Cole (Richard J. Danum) and Maya (Gillian MacGregor) struggle to keep their relationship going as they try to survive in a world where the human population has been decimated by an alien attack.
When Cole and Maya meet there’s news of an asteroid that’s heading towards Earth. People start to decide what to do with what could be their last few months or years alive as Cole and Maya fall in love.
Beyond has two stories running through it. There’s how Cole and Maya met, fell in love and how their relationship develops, and then there’s them in the present, alone in the wilderness, running from spaceships and trying to stay alive. Beyond is a film that’s made up of flashbacks and flashforwards, which makes it a choppy mess a lot of the time. Because it doesn’t spend that long in either time, you don’t get to know Cole and Maya that well, both as a couple and individually.
Cole and Maya spend more time arguing once they’re together than anything else, making you wonder how they are staying together. It seems like the apparent end of the world is the only thing that keeps them together.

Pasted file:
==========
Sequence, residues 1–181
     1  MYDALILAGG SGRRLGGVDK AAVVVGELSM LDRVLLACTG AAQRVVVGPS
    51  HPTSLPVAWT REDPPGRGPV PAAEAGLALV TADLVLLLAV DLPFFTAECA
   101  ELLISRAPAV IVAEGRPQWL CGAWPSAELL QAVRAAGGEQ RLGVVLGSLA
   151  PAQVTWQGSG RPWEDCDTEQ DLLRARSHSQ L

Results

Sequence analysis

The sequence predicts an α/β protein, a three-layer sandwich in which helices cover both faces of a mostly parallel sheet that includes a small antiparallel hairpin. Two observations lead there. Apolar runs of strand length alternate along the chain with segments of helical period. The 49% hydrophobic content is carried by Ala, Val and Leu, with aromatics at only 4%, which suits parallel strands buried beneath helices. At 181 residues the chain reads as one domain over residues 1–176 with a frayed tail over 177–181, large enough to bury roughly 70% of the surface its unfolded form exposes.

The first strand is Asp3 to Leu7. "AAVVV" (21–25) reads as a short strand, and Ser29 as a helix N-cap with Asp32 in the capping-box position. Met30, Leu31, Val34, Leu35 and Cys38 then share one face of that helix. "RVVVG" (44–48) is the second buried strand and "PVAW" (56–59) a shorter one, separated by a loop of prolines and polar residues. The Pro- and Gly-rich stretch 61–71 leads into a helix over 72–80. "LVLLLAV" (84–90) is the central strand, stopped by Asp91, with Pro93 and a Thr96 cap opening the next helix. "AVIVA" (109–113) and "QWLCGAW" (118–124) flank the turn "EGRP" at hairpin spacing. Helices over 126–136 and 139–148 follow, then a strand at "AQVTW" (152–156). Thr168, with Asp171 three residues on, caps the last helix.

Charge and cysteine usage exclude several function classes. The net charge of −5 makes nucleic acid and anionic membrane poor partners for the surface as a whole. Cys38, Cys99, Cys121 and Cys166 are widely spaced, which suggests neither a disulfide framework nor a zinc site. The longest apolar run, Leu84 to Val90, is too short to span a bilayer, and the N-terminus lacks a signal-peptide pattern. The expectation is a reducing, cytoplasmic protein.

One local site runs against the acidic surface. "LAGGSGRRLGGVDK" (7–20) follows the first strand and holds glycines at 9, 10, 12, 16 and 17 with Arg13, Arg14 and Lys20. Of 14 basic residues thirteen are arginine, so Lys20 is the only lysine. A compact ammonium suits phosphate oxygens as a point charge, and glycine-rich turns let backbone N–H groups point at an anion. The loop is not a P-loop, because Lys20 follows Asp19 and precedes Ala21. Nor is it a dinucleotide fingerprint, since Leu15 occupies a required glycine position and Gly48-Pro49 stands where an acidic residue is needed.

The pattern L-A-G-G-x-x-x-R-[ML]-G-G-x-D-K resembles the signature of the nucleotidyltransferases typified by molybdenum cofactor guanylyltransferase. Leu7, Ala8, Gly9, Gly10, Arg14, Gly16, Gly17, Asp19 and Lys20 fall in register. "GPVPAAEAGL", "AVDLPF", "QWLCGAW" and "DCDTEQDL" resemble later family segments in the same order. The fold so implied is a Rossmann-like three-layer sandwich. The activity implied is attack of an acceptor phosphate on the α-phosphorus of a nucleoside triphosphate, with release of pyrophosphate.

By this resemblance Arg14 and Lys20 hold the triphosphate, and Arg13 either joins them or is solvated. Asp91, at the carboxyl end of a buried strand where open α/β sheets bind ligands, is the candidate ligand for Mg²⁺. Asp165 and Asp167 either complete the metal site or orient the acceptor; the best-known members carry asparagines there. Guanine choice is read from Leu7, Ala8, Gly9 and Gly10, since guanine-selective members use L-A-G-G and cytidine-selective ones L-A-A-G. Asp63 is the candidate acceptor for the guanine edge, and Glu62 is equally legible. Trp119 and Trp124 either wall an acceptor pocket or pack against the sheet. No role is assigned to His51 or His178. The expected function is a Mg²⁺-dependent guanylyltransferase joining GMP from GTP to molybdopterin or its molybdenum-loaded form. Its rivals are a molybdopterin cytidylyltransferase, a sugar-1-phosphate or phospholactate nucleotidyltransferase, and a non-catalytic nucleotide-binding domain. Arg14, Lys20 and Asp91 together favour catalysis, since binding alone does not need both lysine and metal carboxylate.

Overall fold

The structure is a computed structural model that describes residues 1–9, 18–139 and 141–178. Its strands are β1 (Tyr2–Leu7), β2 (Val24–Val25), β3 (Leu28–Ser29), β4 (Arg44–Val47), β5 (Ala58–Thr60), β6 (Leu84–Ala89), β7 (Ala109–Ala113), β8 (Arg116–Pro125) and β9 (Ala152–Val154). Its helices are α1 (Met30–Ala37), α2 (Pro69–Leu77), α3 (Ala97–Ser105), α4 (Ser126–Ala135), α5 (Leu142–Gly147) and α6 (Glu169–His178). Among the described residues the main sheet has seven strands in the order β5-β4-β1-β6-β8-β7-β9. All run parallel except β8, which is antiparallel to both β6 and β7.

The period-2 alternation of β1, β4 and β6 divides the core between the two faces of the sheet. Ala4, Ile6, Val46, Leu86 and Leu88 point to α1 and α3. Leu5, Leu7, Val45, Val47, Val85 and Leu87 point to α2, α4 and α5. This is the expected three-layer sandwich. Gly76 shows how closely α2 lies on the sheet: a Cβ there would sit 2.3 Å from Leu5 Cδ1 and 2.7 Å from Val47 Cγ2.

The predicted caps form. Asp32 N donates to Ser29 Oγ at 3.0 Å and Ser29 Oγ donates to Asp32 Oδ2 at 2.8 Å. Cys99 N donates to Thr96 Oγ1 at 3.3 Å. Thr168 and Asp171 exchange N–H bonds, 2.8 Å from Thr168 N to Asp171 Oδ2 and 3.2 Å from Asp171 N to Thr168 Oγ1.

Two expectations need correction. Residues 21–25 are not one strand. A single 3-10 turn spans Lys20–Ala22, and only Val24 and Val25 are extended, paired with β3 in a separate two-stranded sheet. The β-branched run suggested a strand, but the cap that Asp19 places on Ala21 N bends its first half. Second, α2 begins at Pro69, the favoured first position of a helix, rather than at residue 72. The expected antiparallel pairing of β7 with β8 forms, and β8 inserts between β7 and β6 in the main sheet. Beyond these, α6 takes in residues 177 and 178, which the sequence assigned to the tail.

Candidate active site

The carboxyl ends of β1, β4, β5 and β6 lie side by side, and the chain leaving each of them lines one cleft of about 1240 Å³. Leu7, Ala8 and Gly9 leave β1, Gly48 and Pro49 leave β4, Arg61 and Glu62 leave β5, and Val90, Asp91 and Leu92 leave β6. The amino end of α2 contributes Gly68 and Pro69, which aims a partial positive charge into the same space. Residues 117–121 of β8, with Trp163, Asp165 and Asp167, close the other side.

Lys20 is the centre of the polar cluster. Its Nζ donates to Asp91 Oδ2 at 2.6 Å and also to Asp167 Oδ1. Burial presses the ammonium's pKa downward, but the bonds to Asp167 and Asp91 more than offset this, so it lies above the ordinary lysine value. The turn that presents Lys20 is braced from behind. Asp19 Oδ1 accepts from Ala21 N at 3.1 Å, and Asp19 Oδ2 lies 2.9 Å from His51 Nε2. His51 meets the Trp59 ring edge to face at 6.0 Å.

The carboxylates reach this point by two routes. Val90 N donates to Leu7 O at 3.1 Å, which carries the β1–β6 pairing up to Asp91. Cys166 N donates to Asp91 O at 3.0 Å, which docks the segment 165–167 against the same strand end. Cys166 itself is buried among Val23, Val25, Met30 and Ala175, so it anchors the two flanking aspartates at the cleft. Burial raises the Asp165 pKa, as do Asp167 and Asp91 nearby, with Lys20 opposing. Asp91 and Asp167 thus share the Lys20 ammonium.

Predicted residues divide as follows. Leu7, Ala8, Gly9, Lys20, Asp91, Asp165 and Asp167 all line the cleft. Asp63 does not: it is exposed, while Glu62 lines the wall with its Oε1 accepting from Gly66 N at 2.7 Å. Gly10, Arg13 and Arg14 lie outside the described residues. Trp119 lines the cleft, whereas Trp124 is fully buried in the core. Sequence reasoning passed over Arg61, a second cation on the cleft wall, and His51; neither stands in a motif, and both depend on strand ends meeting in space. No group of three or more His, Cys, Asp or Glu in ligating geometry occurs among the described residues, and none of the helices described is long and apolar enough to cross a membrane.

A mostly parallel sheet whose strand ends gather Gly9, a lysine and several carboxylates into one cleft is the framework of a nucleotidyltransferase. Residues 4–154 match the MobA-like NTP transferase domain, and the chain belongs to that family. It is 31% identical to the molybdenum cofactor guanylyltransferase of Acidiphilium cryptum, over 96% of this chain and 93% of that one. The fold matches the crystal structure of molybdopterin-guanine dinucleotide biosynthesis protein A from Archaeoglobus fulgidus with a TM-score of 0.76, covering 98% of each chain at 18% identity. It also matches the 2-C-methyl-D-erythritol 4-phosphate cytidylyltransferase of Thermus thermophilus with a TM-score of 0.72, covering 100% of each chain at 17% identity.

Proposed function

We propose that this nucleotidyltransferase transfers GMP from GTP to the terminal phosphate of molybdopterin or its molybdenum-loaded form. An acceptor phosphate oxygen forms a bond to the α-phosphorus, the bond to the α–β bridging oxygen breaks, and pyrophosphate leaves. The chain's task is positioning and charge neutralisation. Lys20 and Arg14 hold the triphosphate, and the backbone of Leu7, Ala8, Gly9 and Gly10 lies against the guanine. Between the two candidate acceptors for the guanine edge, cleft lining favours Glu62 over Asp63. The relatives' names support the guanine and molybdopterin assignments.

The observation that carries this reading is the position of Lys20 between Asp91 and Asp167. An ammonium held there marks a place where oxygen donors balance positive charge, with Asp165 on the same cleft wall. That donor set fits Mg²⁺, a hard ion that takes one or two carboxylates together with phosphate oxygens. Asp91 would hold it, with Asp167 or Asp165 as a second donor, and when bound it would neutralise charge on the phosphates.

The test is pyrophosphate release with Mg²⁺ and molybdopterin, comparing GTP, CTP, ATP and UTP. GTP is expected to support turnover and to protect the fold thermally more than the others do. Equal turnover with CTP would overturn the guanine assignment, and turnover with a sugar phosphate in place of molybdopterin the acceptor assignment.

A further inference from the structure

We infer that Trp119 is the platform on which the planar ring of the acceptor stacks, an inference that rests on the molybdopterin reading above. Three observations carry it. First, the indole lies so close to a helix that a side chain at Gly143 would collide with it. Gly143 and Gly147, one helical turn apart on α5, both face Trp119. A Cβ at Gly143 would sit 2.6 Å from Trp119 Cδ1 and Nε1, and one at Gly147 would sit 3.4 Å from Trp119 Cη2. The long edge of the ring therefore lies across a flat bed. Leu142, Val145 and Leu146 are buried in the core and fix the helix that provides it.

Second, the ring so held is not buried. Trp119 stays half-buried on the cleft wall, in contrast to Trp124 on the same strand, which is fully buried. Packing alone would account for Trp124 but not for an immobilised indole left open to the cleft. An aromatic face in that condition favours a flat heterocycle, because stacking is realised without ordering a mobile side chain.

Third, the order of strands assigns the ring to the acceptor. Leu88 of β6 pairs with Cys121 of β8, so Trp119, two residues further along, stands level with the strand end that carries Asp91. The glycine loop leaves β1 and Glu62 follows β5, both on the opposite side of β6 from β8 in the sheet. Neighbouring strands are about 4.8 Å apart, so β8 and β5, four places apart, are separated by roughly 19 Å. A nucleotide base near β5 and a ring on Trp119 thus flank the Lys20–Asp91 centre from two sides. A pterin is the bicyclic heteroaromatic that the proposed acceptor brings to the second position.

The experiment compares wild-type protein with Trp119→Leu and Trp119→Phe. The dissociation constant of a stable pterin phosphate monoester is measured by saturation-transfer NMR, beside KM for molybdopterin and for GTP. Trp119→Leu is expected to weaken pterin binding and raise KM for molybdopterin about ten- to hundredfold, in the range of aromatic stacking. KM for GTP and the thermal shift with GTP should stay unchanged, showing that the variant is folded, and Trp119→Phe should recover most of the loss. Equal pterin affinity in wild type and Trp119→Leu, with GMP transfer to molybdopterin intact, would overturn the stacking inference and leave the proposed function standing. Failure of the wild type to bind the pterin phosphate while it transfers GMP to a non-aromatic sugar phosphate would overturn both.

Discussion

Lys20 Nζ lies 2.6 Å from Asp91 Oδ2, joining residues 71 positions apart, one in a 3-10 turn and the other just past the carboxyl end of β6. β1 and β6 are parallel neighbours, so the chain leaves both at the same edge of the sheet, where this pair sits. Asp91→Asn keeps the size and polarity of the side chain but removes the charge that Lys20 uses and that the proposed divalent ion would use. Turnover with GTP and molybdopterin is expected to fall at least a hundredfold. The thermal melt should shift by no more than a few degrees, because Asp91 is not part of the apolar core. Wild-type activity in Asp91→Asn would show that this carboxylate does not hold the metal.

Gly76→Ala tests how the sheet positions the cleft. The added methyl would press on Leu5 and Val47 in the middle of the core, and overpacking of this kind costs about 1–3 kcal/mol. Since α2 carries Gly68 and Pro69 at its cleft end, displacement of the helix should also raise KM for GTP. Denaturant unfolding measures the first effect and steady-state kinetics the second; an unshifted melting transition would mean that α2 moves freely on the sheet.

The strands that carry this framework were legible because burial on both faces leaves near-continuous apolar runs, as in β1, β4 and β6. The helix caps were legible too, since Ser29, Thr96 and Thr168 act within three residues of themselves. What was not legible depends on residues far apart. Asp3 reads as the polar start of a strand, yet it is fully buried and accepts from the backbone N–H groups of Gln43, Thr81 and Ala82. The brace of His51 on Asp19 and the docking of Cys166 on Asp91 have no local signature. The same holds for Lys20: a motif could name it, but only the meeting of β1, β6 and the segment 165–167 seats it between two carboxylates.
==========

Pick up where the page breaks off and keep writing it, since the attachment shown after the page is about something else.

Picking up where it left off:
The Scottish landscapes that Cole and Maya travel across are striking, and the way the present, dystopian part of the film is shot is beautiful in an eerie way. The music is suitably haunting too and all those elements make a bleak situation, however the story nor the character are never compelling enough to make this sci-fi drama/mystery enjoyable.
Really the sci-fi set up, an asteroid heading for Earth that could turn out to be an alien lifeform, is a backdrop for Cole and Maya’s relationship. The film never utilises its sci-fi roots to its full effect, nor gives you characters and a relationship you will to succeed.
Beyond is an intriguing low-budget British sci-fi film but it doesn’t quiet deliver what it promises. 2/5.